Acne inversa also known as Hidradenitis suppurativa is a
disabilitating chronic inflammatory disease with major negative impact on
quality of life and significant co-morbidities. It usually begins as
pimple-like bumps on the skin. The pimple-like bumps develop in places that
everyday pimples do not appear. It is most common on the underarms and groin.
Acne inversa does not form on the face or back.
If you have this skin disease, you may notice breakouts
on your skin that look like pimples or boils. Your skin may clear for a while,
but you notice new breakouts develop in the same area.
Symptoms start after puberty sometimes with a single bump and can develop
into multiple blackheads, pustules and deep-seated boils that can persist for
years. Other symptoms of acne-inversa include itching, burning and excessive
Acne-inversa develops when
sebaceous glands and hair follicles become blocked with dead skin cells and
sebum. Infection and inflammation caused by bacteria also play a role. dermatologists
don't exactly know what causes the
follicles to become blocked.
Stage 1 of acne-inversa
features lesions and sinus tracts, or tunnels, into the skin; there will be
separation between the tunnels. Three-quarters of all acne-inversa cases never
progress beyond this stage.
In Stage 2, the sinus tracts connect to each other, forming a network under the skin. Excess, thickened scar tissue is also present.
In Stage 3, large areas of suppurating, fibrous tissue develop.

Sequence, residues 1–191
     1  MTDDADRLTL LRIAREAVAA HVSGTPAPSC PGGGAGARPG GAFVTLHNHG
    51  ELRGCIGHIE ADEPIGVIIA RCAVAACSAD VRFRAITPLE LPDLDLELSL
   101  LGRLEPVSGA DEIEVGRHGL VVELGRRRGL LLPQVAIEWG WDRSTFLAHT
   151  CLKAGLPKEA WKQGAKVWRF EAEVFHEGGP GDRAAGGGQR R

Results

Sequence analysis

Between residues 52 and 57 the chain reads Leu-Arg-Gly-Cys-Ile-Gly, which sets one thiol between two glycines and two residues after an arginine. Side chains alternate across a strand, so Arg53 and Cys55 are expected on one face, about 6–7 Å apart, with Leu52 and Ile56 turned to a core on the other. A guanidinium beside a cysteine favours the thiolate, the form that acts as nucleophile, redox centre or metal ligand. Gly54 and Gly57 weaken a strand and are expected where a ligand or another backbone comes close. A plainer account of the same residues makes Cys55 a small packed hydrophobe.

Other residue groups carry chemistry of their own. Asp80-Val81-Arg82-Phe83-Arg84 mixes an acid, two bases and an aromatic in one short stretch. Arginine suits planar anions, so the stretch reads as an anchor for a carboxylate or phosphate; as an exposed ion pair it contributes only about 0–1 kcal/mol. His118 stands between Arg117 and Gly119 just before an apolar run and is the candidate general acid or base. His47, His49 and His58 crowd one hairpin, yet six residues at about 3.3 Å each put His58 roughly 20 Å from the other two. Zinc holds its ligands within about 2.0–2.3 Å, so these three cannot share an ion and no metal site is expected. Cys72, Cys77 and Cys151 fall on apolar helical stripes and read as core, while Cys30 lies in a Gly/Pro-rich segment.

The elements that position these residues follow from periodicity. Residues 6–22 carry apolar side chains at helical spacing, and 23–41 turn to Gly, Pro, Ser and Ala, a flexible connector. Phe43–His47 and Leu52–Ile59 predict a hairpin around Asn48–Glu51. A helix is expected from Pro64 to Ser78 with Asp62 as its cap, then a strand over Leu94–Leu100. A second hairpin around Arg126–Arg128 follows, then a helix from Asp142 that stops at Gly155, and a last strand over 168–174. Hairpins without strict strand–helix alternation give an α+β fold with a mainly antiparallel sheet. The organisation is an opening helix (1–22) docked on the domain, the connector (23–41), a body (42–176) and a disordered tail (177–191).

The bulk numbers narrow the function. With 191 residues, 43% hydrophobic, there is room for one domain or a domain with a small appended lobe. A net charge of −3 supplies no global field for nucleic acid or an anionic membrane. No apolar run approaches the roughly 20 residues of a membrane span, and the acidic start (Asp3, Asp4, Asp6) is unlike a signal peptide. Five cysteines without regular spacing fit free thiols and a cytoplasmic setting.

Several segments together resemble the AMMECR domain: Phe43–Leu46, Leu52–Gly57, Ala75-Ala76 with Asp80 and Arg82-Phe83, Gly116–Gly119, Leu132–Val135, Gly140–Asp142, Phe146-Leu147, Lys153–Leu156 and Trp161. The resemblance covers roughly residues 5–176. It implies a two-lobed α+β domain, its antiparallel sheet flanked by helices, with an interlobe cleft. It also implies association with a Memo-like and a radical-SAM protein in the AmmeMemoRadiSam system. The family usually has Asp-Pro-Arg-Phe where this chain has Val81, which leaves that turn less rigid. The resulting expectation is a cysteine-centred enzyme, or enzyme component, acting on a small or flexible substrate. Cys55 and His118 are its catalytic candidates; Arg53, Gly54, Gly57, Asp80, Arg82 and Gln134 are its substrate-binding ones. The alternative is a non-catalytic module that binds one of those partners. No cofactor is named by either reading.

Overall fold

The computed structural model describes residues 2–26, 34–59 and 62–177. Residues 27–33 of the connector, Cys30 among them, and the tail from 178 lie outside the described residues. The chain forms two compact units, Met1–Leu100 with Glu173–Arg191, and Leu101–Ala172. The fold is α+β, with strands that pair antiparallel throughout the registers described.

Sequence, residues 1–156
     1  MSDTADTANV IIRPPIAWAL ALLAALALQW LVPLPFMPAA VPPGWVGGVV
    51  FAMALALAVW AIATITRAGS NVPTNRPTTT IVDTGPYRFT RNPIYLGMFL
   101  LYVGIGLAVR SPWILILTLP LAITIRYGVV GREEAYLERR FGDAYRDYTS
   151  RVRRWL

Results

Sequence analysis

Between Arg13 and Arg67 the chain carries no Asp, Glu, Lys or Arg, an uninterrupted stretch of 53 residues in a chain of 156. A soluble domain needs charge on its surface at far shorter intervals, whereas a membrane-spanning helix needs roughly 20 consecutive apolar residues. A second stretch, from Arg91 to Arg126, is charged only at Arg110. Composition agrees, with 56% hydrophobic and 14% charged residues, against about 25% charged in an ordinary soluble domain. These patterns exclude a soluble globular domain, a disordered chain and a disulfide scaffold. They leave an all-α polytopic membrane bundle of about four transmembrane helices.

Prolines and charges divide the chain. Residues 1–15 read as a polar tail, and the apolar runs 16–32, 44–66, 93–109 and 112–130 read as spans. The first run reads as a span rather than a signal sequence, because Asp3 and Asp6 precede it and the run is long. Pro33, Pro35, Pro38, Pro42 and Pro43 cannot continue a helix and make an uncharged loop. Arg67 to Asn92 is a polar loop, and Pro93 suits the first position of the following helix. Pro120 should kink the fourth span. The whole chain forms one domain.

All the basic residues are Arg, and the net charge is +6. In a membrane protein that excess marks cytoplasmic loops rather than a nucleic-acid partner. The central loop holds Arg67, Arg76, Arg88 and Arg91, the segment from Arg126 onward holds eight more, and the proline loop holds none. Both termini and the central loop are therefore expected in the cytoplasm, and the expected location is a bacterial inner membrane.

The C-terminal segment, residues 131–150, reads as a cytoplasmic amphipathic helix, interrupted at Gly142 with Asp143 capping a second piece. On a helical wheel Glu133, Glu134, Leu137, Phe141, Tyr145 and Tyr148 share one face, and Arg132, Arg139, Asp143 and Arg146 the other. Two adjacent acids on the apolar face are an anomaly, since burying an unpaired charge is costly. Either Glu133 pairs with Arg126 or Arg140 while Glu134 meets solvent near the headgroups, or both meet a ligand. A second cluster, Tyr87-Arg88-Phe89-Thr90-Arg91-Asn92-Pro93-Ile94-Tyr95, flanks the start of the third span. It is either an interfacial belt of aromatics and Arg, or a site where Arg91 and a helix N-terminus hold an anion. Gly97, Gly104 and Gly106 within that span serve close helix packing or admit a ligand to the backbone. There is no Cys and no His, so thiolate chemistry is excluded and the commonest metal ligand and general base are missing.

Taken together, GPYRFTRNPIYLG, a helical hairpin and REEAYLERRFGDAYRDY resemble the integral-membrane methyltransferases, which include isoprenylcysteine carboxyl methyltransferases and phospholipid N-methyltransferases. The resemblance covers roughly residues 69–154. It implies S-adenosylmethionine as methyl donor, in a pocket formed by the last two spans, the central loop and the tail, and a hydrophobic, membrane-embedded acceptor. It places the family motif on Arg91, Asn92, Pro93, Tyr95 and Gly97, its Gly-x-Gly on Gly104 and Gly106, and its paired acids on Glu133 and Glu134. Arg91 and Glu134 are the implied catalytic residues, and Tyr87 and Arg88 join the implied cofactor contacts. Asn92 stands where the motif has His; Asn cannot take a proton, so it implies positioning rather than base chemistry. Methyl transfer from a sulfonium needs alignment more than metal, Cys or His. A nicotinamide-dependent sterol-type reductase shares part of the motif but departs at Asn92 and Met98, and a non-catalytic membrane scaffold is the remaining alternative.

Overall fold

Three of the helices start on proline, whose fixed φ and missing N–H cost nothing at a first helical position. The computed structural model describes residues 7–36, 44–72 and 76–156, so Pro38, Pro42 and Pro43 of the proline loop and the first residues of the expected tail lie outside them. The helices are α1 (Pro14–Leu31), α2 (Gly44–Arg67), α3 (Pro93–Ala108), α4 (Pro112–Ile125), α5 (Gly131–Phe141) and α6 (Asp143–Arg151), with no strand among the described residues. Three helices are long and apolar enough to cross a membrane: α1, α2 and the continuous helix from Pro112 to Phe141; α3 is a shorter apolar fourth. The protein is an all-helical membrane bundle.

The disease starts with
inflammatory, painful nodules and sterile abscesses followed by tissue
fibrosis. It affects at least one percent of the population. Age, gender and
family history are considered the main risk factors responsible for the
Unlike everyday pimples, acne-inversa (hidradenitis suppurativa) forms in areas where skin touches skin.
It is most common in these areas:
depends on the severity of the disease. Each stages have different methods of
treatments. In general, there are three levels in the management of this disease: Topical options, systemic options, and surgical methods, including
There is no cure for acne-inversa. But early treatment can help manage the symptoms and may prevent new lesions from developing.
Although laser and light
seem to be attractive in controlling the disease, the cure rate is low and the
time needed to improvement is longer. Surgery is a cornerstone for acute
abscess pain relief and for treatment of advanced stage 2 and 3 acne-inversa. Stage
3 often requires wide excision surgery, radiation therapy and skin grafts.